If you’re not preparing students for manufacturing jobs, you should be


If you’re not preparing students for manufacturing jobs, you should be


Manufacturing is experiencing rapid change caused by technological advances that are transforming the jobs on the factory floor and shifting the skills and expertise employers seek. The Digital Revolution is defined by such advances like artificial intelligence, automation, and big data capabilities that allow manufacturing companies to increase production efficiency and cost effectiveness. As manufacturing companies integrate advanced technology into their business processes, they need new kinds of professionals with Emerging Technology skills to propel the industry forward.

EAB integrated research interviews with university experts, industry literature about the automation of manufacturing, and comprehensive labor market data in Emsi Burning Glass to identify a segment of 18 Emerging Technology skills that are increasingly in demand within the industry. Emsi Burning Glass is EAB’s partner to provide universities real-time job postings data to answer questions about employer needs and highly demanded skills.

Emerging Technology skills include skills such as:

  • Artificial Intelligence
  • Digital Transformation
  • Internet of Things
  • Automation
  • Human-Computer Interaction
  • Machine Learning
  • Big Data
  • Human Machine Interfaces
  • Robotics

Today’s manufacturing employers are increasingly seeking professionals with these Emerging Technology skills to adapt to and manage the factory of the future. Over the past three years, Emsi Burning Glass data shows that the proportion of manufacturing jobs posted with Emerging Technology skills increased 60%. Today, one out of every four job postings in the manufacturing industry requests professionals with these skills. The integration of these new technologies into the manufacturing industry will require more professionals who are highly skilled in advanced technologies, including machine learning and robotics.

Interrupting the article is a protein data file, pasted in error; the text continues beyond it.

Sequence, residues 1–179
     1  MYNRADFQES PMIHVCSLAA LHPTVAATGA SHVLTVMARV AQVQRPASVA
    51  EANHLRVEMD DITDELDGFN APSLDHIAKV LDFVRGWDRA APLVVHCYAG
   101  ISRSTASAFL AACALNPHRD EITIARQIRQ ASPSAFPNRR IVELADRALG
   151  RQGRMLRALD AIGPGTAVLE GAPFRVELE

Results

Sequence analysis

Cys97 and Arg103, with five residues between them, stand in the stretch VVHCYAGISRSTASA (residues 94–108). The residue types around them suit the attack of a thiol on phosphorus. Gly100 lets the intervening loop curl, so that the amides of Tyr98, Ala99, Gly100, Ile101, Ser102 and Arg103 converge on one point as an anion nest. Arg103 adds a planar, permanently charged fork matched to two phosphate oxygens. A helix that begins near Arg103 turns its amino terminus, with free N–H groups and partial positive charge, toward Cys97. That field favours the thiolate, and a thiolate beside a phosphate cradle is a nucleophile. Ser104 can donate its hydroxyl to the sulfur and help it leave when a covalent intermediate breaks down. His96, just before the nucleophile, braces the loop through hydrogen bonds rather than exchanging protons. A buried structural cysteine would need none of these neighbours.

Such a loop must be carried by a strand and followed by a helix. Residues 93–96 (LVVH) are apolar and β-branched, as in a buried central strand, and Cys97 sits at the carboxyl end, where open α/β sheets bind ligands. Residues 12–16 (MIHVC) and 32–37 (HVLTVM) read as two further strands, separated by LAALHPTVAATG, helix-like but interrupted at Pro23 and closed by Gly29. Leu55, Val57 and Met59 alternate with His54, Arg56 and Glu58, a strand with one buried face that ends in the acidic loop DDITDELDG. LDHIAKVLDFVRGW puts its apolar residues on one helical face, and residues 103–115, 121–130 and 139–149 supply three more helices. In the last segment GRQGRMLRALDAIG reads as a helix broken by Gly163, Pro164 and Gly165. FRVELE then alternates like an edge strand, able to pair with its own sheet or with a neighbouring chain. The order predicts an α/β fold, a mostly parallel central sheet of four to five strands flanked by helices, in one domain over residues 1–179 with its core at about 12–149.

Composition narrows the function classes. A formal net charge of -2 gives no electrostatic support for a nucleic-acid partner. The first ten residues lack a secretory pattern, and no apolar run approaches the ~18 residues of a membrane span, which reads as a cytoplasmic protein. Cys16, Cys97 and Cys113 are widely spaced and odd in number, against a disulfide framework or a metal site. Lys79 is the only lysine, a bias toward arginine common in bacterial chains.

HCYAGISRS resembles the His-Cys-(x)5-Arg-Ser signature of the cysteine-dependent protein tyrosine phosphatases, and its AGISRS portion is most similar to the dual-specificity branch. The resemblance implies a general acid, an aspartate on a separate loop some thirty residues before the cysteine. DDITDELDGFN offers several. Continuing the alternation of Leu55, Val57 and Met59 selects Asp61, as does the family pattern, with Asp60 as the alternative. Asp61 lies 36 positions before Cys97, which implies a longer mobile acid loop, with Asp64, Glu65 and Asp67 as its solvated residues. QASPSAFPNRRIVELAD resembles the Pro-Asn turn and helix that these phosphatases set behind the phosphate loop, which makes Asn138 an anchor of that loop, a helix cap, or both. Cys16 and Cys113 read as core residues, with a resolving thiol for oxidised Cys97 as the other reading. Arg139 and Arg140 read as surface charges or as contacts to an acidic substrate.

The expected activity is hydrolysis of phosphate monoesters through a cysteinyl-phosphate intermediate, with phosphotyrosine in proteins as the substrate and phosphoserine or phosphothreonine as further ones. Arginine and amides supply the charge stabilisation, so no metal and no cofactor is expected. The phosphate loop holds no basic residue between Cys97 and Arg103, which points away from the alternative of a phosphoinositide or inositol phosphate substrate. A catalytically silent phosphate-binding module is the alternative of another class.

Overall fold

Despite these advances, and in some cases because of them, common misperceptions about the manufacturing industry persist that have major impacts on the state of the industry: students often carry outdated stereotypes of what it’s like to work in the manufacturing industry; most higher education institutions continue to prepare students for traditional manufacturing tracks; and manufacturing companies tend to either tackle digital transformation wholesale without understanding the full impacts or struggle with where and how to begin investing in new technologies.

If these misperceptions are overcome, students will be excited to enter the new world of manufacturing and well prepared to effectively support companies integrating new technologies that can lead to greater efficiencies and better business outcomes. If they are not, experts estimate over 2 million manufacturing positions will be unfilled between 2018 and 2028, with an economic impact of about 2 trillion USD.

Below are three common myths about the manufacturing industry debunked.

Myth: Robots are taking the manufacturing jobs

Some believe that the adoption of increasingly advanced technology means that machines are increasingly replacing humans on the factory floor. In fact, the increased use of artificial intelligence and automation is estimated to create more jobs than it eliminates. Experts expect artificial intelligence technologies to displace 75 million jobs by 2022 but create 133 million new roles that require skills to engage with this emerging technology.

The manufacturing industry will experience this impact uniquely: labor market data indicates that 4 million jobs will need to be filled in the manufacturing industry over the next 10 years.